Yes. We can change Digg’s Terms of Service at any time. If the changes are material, we’ll let you know by email or by posting a notice on the site and/or apps well before the changes go into effect. The notice will designate a reasonable amount of time (we call that the “Notice Period”) after which the new Terms of Service will go into effect for all users. If you don’t agree to the new Terms of Service, we ask that you delete your account before the end of the Notice Period. If you do not delete your account before the end of the Notice Period, your content and use of the site will be subject to the new Terms of Service from that time forward.
We use Github to archive earlier versions of Digg’s Terms of Service; helpfully, Github makes it easy to see what’s changed from version to version. Click here to see past versions.
Yes. At the risk of belaboring the obvious, Digg has the right to change, terminate, or restrict access to any aspect of Digg Services, at any time, and with or without notice.
No. You must be 13 or older to use Digg. If you are under 13, you are not permitted to use Digg Services. If we learn that you are under 13, we will terminate your account.
More broadly, if you can’t legally form a binding contract, or are otherwise legally prohibited from using Digg Services, you don’t have our permission to use Digg Services.
Digg complies with the Digital Millennium Copyright Act. We have a policy of terminating repeat copyright infringers as appropriate.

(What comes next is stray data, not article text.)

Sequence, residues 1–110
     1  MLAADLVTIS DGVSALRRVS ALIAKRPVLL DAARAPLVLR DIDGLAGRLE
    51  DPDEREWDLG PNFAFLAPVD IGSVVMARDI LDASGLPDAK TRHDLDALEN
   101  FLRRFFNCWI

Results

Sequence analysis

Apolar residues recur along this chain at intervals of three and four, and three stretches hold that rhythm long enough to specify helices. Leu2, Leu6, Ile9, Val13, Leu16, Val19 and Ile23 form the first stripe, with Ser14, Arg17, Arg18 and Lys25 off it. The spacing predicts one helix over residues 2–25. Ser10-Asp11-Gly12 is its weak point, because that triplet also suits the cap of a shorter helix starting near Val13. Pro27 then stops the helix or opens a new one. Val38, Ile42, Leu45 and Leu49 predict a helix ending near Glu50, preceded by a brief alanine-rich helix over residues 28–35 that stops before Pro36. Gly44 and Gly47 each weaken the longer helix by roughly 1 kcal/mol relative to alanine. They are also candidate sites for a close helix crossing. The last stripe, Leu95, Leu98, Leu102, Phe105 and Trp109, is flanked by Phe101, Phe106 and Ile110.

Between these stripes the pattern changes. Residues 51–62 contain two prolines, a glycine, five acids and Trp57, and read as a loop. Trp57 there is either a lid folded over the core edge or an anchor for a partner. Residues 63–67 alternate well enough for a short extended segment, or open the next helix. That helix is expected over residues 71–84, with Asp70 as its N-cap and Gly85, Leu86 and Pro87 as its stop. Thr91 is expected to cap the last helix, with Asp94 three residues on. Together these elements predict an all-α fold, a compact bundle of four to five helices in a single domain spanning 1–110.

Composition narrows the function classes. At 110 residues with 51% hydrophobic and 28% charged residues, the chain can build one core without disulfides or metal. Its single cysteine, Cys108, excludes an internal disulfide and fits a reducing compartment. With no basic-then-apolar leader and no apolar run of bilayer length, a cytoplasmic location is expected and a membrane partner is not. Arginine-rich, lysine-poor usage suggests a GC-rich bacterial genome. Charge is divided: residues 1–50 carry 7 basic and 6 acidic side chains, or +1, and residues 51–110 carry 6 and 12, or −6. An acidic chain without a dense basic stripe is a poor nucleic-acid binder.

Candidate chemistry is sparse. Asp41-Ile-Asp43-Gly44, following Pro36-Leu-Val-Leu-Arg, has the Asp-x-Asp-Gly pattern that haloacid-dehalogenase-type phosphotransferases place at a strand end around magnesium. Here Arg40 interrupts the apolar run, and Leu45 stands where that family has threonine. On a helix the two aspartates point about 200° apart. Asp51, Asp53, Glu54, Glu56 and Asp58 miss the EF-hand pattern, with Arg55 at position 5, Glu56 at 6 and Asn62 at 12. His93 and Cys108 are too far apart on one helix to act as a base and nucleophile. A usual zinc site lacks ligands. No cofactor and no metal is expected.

The contact information for Digg’s Designated Agent for receipt of notices of claimed infringement is here:
Physical mail: Digg, 18 Shipyard Dr, Hingham, MA, 02043, Attn: Digg Copyright Agent
To read our full Copyright and DMCA Policy, click here.
Yes. The American legal system has developed a set of provisions for Terms of Service like ours that we really need to include in this contract. You should read them, even though they are written in mind-numbing ALL CAPS -- evidently, the powers-that-be believe that ALL CAPS LEGALESE is more forceful and urgent and makes a deeper impression than, say, well-written, well-organized, human-friendly text. Regardless, these provisions matter a lot -- among other things, they limit our liability and specify applicable law and venue -- so please don’t ignore them.
Without further ado:
1. YOU USE THE DIGG SERVICES AT YOUR OWN RISK. THE SERVICES ARE PROVIDED ON AN “AS IS” AND “AS AVAILABLE” BASIS.
2. DIGG MAKES NO REPRESENTATIONS OR WARRANTIES OF ANY KIND WITH RESPECT TO DIGG SERVICES. FOR EXAMPLE, WE DO NOT WARRANT THAT (I) THE SERVICE WILL MEET YOUR SPECIFIC REQUIREMENTS, (II) THE SERVICE WILL BE UNINTERRUPTED, TIMELY, ABSOLUTELY SECURE, OR ERROR-FREE, (III) THE QUALITY OF ANY PRODUCTS, SERVICES, INFORMATION, OR OTHER MATERIAL PURCHASED OR OBTAINED BY YOU THROUGH THE SERVICE WILL MEET YOUR EXPECTATIONS, OR (IV) ANY ERRORS IN THE DIGG SERVICES WILL BE CORRECTED.
3. YOU UNDERSTAND AND EXPRESSLY AGREE THAT DIGG SHALL NOT BE LIABLE FOR ANY DIRECT, INDIRECT, INCIDENTAL, SPECIAL, CONSEQUENTIAL OR EXEMPLARY DAMAGES, INCLUDING, BUT NOT LIMITED TO, DAMAGES FOR LOSS OF PROFITS, GOODWILL, USE, DATA OR OTHER INTANGIBLE LOSSES (EVEN IF DIGG HAS BEEN ADVISED OF THE POSSIBILITY OF SUCH DAMAGES), RESULTING FROM: (I) THE USE OR THE INABILITY TO USE THE SERVICE; (II) THE COST OF PROCUREMENT OF SUBSTITUTE GOODS AND SERVICES RESULTING FROM ANY GOODS, DATA, INFORMATION OR SERVICES PURCHASED OR OBTAINED OR MESSAGES RECEIVED OR TRANSACTIONS ENTERED INTO THROUGH OR FROM THE SERVICE; (III) UNAUTHORIZED ACCESS TO OR ALTERATION OF YOUR TRANSMISSIONS OR DATA; (IV) STATEMENTS OR CONDUCT OF ANY THIRD PARTY ON THE SERVICE; (V) OR ANY OTHER MATTER RELATING TO THE DIGG SERVICES.
4. TO THE MAXIMUM EXTENT PERMITTED BY APPLICABLE LAW, THE TOTAL LIABILITY OF DIGG FOR ANY CLAIM UNDER THIS AGREEMENT, INCLUDING FOR ANY IMPLIED WARRANTIES, IS LIMITED TO THE GREATER OF ONE HUNDRED DOLLARS (US $100.00) OR THE AMOUNT YOU PAID US TO USE THE APPLICABLE SERVICE(S).
- END -